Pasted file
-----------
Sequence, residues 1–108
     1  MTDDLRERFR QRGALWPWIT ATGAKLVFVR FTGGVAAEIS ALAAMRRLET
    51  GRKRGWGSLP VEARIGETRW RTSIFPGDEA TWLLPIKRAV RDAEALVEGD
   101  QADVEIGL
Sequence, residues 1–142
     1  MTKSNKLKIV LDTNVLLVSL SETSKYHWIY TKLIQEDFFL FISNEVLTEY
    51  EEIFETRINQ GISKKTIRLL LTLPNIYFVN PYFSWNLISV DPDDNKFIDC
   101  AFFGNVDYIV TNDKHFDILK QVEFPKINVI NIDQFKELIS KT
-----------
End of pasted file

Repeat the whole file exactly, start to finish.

Sequence, residues 1–108
     1  MTDDLRERFR QRGALWPWIT ATGAKLVFVR FTGGVAAEIS ALAAMRRLET
    51  GRKRGWGSLP VEARIGETRW RTSIFPGDEA TWLLPIKRAV RDAEALVEGD
   101  QADVEIGL
Sequence, residues 1–142
     1  MTKSNKLKIV LDTNVLLVSL SETSKYHWIY TKLIQEDFFL FISNEVLTEY
    51  EEIFETRINQ GISKKTIRLL LTLPNIYFVN PYFSWNLISV DPDDNKFIDC
   101  AFFGNVDYIV TNDKHFDILK QVEFPKINVI NIDQFKELIS KT